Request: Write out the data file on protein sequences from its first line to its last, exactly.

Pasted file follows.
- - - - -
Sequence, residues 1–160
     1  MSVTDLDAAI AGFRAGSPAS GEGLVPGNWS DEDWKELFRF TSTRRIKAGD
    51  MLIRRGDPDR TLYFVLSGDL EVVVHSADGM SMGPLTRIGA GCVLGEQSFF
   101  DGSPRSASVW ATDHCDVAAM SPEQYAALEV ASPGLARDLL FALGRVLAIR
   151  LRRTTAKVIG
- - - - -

Sequence, residues 1–160
     1  MSVTDLDAAI AGFRAGSPAS GEGLVPGNWS DEDWKELFRF TSTRRIKAGD
    51  MLIRRGDPDR TLYFVLSGDL EVVVHSADGM SMGPLTRIGA GCVLGEQSFF
   101  DGSPRSASVW ATDHCDVAAM SPEQYAALEV ASPGLARDLL FALGRVLAIR
   151  LRRTTAKVIG